Sunday, March 31, 2013

It is Finished!, John 19:30

“It is finished!” Weust calls this phrase, “A cry of victory in the hour of defeat,” and indeed it is! John’s gospel is the only one to record these words. Though these words probably weren’t shouted like some of the other sayings, they are cosmically important. What was finished? Jesus’s sufferings were about to end. His sojourn on earth was about to end. But more than that, Jesus had completed the work that the Father had sent Him to do. He glorified the Father and made God known. Even though He Himself said the sheep would be scattered when He the Shepherd was taken away, Jesus lost none of His sheep, except the son of perdition who was foreordained to destruction. Jesus had loved fully to the end. What greater demonstration of love could there be than for Jesus to take all the sins of the world upon Himself and to be the perfect sacrifice for sins. The one Greek word for the phrase, “It is finished” is “tetelestai”. It is used in a variety of ways. Artists use it to describe a completed work of art—a finished painting or sculpture. At that point the artist can look back in admiration and wonder and so can all who view the work. The work of redemption was finished. There was no more work for Jesus and there is no more work for us. We cannot work for our salvation; Jesus paid it all. Jesus fulfilled the Law. All its symbols and foreshadowings were fulfilled in Christ. We do not work for our salvation; we serve God because of our salvation, and even so, the only merit, the only righteousness our service has is because Christ has given it to us. Our service doesn’t make God love us anymore. In our obedience we honor the finished work of Christ. We acknowledge its value and importance. Another use of the Greek word for “finished” refers to a task that a servant completes for the master. Jesus completed everything the Father commanded. He fully submitted to the Father’s will. He made full satisfaction for the Law. Jesus’s finished work allows for the forgiveness of our sins. He opened the way to God. He made reconciliation with God possible. In Him are all things reconciled. We can be reconciled to God because we died with Him on the cross, and if we died with Him, we will be raised with Him. In His death, the veil was torn in two symbolizing the open access we now have through the Father by placing our faith in Christ Jesus and in His important finished work. This brings us to two other uses of the word. It was used by the priests after they fully examined the sacrifices to see if they were indeed satisfactory. Jesus was the perfect once for all sacrifice. Hebrews 10:14 - 14 For by one offering He has perfected forever those who are being sanctified. Though we do not see ourselves as perfect, though we still commit trespasses, God sees us as perfect in Christ. The second part of this verse talks about an ongoing work; we are being sanctified. In His finished work, Jesus made a way for us to become more and more like Him. When He completed His part, He sent the Holy Spirit to take over and apply His work to our lives. Merchants used this word when full payment was made for a purchase. Jesus purchased us from slavery to sin and self. He redeemed us fully. The wages of sin is death, and Jesus paid the whole deal in dying for us. He who knew no sin was made sin for us that we might become the righteousness of God in Him. Because of His payment, we instead can receive the gift of God in Jesus Christ, the gift of eternal life. In His finished work, Jesus also trampled down the enemy. The devil thought maybe Jesus was finished, but Jesus was saying the devil is finished. As victors with Christ, we can no longer claim, “The devil made me do it,” for we are drawn away into sin by our own lusts and enticed. Satan still prowls about like a roaring lion, but we have authority in Jesus name to rebuke him. His end is sure. Whatever our temptation, Jesus has made a way out. Though Satan may try to accuse us, his words have no power. “I’ve been redeemed! My identity is in Christ,” sends the devil away. The devil may try to condemn us, but he has no right. Only Christ can condemn, and Christ does not! Romans 8:1 tells us, “Now therefore, is no condemnation for those who are in Christ Jesus.” Condemnation was finished at the cross. Nothing can stand against the finished work of Christ. Yes, there was a sense of completeness to the work of Jesus. Jesus demonstrates the completeness of that work in that He is now seated at the right hand of God the Father Almighty. He had arrived at His goal. In the finished work of Christ, we can end our search for forgiveness. It is granted to us in Him. We can end our efforts at trying to work for our salvation. No work we do could ever come close to atoning for our sins, but Jesus’s work was sufficient for all of us. In fact, the death of Christ ushered in the night of the last day when no man can work. The self was finished on the cross because as He died, we died with Him. We have absolutely nothing to add to Jesus’s finished work, and we dare not try lest we trivialize the work of Christ on our behalf. May we never say what Jesus did for us is not enough. May we never think that we are so good that we can add to Jesus’s work nor think we are so good that we don’t need Jesus. May we never think we are so bad that Jesus couldn’t pay for what we’ve done, that we can never be forgiven. Any good work we do is only because Jesus has worked it in us through the Holy Spirit. We can claim nothing of our own except to boast in Christ, to exalt Him, and lift up His name. May we give God the glory and the credit. The finished work of Christ was cosmic. Though Jesus finished His work, it has long-lasting, ongoing effects. The work keeps working. The finished work of Jesus made way for a new beginning. It is a transforming work. Because of His work, we can have new life. The life we now live is His life. Because of His finished work, we have a restored relationship with God our Father. Because of His finished work, we have the power not to sin. Because of His finished work, we have assurance; our salvation is secure. Because of Christ’s finished work, we have acceptance; we can come boldly to the throne of grace. As David Carter says, In Jesus, we have “peace that cannot be taken away, rest that cannot be disturbed, joy that cannot be diminished, sure hope that cannot be disappointed, light [that cannot be overcome by darkness], happiness that cannot be stolen, wisdom that cannot be baffled, beauty that cannot be marred. [We have] a Resource that cannot be exhausted--THERE IS NO NEED HE CAN’T MEET, NO HURT HE CAN’T HEAL.” Charles Spurgeon: What "it" was it that was finished? I will not attempt to expound it. It is the biggest "it" that ever was/ Turn it over and you will see that it will grow, and grow, and grow, and grow, till it fills the whole earth: It is finished!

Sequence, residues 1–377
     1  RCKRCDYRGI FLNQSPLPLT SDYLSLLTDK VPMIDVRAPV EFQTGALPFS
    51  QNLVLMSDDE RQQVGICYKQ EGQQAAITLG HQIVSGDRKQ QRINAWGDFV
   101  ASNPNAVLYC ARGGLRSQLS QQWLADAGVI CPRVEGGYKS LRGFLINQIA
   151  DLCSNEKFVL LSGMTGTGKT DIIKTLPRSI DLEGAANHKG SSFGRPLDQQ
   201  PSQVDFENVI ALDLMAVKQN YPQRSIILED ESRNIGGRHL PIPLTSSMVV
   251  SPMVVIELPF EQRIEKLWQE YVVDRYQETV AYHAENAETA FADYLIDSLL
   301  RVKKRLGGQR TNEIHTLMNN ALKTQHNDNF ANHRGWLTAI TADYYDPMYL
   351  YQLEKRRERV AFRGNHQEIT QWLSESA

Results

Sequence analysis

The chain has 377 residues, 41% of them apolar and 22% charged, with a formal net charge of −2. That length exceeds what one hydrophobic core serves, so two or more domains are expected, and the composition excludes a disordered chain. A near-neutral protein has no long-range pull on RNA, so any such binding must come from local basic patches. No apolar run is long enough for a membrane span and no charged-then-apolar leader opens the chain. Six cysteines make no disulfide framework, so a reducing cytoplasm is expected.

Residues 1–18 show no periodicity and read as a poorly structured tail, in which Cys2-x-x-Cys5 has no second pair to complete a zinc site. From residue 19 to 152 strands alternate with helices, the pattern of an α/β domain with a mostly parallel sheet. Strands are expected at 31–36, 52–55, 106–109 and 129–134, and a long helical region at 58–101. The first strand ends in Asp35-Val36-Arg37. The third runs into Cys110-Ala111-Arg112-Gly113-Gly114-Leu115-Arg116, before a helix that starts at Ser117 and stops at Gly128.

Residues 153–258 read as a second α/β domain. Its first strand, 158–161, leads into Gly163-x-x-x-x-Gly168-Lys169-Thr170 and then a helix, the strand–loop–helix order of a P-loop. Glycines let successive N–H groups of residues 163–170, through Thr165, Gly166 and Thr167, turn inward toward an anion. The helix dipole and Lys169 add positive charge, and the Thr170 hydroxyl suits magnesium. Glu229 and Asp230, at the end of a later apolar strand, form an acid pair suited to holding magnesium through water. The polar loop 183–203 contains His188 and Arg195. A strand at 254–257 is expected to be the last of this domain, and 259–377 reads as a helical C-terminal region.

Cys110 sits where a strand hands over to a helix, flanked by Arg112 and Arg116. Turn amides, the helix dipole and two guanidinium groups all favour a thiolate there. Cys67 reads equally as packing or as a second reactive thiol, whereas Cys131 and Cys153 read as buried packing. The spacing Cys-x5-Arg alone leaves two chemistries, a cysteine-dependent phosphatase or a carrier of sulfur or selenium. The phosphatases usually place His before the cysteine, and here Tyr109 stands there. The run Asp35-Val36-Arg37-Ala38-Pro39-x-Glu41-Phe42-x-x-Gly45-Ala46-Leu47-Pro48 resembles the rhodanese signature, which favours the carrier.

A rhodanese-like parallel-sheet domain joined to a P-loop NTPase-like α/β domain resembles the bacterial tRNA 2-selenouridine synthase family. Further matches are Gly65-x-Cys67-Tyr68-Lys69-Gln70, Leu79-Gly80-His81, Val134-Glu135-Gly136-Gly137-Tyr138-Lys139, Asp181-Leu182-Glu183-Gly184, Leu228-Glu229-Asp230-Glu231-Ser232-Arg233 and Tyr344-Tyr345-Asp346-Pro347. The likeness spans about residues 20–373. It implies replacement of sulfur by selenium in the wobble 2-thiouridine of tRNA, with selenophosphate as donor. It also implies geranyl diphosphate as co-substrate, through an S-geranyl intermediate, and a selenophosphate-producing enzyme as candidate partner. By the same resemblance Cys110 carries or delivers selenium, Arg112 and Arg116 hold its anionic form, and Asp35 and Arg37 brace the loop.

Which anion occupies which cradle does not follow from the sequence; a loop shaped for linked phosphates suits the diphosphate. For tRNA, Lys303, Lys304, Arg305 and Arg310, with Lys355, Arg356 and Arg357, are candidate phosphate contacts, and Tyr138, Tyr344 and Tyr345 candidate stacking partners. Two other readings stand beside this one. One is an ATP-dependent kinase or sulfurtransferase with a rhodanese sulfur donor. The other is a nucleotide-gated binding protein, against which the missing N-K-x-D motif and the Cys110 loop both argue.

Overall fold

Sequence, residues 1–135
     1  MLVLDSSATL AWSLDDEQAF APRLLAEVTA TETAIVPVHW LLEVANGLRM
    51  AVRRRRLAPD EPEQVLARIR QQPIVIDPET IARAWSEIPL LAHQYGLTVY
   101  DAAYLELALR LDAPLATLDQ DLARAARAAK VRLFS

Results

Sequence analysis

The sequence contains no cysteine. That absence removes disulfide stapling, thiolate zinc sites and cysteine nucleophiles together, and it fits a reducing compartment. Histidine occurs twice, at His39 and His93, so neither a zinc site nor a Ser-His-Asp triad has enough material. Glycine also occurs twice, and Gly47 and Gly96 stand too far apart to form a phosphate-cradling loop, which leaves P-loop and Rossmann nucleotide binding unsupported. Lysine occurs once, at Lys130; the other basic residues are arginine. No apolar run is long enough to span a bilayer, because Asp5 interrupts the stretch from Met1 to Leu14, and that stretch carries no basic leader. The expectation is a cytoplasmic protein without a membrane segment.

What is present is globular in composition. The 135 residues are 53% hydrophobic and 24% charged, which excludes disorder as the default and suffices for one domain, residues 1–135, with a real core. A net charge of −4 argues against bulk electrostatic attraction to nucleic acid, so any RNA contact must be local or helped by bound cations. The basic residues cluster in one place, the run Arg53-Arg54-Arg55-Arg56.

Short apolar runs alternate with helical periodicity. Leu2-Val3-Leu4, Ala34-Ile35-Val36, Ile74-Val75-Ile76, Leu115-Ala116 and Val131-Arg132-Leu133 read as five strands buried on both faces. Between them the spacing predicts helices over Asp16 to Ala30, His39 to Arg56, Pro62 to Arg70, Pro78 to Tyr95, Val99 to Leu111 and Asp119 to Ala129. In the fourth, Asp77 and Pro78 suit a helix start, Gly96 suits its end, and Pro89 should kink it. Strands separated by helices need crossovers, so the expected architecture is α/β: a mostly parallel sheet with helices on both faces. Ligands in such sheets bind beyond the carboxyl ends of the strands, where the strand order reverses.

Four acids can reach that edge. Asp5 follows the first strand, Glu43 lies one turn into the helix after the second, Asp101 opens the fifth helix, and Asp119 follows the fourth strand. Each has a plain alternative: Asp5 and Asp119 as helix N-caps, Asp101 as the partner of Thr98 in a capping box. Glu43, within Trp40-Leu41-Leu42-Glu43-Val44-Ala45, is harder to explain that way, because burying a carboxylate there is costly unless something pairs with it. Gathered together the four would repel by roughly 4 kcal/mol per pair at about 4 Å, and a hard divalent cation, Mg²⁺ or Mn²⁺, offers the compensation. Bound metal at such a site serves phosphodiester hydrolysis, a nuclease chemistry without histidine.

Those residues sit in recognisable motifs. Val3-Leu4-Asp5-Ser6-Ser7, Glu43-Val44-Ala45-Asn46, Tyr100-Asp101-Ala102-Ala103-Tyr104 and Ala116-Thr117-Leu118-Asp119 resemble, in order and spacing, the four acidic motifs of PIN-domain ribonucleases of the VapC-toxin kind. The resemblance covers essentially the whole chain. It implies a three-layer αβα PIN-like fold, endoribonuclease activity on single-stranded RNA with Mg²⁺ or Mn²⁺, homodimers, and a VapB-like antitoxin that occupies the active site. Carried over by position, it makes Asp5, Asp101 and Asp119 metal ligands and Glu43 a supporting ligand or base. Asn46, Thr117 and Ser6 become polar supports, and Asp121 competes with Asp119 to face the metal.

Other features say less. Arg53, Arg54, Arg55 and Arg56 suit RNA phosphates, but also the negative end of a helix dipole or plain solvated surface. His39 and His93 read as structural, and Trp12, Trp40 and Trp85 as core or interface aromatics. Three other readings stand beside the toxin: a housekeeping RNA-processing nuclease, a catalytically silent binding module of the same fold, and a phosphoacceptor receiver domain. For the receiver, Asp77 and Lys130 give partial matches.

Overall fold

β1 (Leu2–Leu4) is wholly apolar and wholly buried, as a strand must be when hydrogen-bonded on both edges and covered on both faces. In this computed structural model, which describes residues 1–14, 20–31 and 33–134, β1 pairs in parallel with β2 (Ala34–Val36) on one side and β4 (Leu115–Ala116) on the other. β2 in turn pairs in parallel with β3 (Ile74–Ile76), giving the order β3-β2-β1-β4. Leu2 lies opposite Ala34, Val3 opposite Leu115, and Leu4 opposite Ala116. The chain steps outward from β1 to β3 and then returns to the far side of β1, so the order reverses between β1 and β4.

Blogger Pastor Parato said...

Given at the Community Good Friday 7 Last Words Service @ All Saints Anglican Church, Newport, NC 2013.

March 31, 2013 at 6:03 PM